My top 9 social web applications

Seeing my last few posts in this section have been a bit negative, I thought it was time to do a more constructive article. Thus I present you my social web-applications top 10 9, consisting of the services I use (sorry, couldn't think of a number 10) and my thoughts on them.

9. Virb

Virb was heralded as the Myspace killer. In hindsight, so is every new social networking website. The unique feature setting Virb apart is the free-form way in which you can modify your profile page. This was a really great base for extra features and new functionality, but the killer features never arrived. I still keep a profile there, basically to monitor it for activity. For now, it's dead in the water, and I can think of no compelling reason to use the site.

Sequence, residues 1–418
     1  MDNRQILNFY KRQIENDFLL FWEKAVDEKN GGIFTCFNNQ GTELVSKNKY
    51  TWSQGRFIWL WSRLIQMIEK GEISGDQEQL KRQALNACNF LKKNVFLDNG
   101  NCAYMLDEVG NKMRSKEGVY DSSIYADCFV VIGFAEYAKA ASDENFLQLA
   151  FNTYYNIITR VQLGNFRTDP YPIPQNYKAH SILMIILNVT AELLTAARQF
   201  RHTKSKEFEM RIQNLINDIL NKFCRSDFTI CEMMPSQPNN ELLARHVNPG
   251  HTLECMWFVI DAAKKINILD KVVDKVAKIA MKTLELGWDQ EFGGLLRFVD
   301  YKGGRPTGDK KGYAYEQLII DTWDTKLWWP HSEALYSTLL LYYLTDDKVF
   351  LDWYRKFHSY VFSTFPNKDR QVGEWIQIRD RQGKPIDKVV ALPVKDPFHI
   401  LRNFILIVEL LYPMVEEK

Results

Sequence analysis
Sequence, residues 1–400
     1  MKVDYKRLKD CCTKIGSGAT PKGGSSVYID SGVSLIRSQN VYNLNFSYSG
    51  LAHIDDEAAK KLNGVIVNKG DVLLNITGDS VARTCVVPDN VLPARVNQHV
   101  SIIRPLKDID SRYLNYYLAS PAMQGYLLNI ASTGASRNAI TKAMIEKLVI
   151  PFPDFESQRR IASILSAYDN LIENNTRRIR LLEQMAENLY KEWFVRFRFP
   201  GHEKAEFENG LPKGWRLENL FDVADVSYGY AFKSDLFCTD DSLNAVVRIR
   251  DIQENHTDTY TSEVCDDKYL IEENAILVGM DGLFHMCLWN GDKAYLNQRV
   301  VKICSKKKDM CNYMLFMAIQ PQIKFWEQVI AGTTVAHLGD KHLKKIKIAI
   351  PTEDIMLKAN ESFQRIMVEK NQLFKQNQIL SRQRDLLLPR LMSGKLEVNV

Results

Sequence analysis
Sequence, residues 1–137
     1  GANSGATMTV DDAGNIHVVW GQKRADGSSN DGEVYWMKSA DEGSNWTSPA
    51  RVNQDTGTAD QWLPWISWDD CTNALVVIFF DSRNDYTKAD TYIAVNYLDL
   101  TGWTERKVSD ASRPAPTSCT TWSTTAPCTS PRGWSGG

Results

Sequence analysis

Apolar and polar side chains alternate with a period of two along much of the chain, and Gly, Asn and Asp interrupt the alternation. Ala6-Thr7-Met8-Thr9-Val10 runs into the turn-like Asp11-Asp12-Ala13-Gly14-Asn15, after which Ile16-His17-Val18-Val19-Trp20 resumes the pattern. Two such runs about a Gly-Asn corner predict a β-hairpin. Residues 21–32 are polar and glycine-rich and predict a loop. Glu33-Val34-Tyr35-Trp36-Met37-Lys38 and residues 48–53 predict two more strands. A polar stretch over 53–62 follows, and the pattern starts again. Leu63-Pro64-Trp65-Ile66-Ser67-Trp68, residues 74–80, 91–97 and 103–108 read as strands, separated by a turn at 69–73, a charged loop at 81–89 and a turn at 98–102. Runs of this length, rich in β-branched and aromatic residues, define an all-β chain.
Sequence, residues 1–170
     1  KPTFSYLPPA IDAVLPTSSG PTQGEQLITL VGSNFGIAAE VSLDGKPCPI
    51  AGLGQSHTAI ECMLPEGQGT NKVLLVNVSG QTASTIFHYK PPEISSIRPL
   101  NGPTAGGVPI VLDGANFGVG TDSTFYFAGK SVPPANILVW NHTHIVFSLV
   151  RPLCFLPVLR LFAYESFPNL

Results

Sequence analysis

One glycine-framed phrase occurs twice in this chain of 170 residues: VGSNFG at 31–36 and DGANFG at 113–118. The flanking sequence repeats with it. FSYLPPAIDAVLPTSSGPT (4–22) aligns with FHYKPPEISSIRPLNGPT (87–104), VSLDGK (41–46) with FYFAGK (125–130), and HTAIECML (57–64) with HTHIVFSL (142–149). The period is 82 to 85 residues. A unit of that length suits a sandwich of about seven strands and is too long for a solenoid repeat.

One of those applications I never bothered to use. is an online bookmarking and tagging service. Which I never use, because usually when I'm researching something, I'm indexing those websites in a folder on the Bookmarks toolbar in Firefox. When I'm done with them, they get deleted. I have no need to keep an archive of links, especially as the Internet is so organic that a link you post now, could be dead 6 months later. Recently I did find a work-related reason to use the service, as I was building a link library of articles on metadata and existing metadata-standards. This was to be a public archive, so was a great tool to use.

7. LinkedIn